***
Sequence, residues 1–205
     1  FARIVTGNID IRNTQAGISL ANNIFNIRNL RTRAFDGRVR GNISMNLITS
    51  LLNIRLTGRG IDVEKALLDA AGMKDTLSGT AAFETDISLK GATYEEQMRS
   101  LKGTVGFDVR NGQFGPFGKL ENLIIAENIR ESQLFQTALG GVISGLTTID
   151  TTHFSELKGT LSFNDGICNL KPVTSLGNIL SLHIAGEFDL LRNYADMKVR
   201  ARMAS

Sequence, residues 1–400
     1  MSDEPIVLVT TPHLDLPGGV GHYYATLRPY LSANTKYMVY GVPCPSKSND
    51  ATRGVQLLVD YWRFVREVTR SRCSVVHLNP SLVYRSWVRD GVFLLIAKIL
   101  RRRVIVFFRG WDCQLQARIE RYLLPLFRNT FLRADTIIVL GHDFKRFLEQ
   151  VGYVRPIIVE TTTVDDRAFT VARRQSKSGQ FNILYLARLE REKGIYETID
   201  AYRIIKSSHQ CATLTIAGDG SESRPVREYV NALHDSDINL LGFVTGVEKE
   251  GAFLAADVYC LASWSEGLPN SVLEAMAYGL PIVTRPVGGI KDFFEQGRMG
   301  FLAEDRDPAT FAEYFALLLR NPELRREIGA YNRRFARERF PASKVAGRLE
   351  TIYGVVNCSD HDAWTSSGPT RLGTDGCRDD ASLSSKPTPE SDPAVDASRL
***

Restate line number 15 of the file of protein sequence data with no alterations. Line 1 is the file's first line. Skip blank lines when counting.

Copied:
   351  TIYGVVNCSD HDAWTSSGPT RLGTDGCRDD ASLSSKPTPE SDPAVDASRL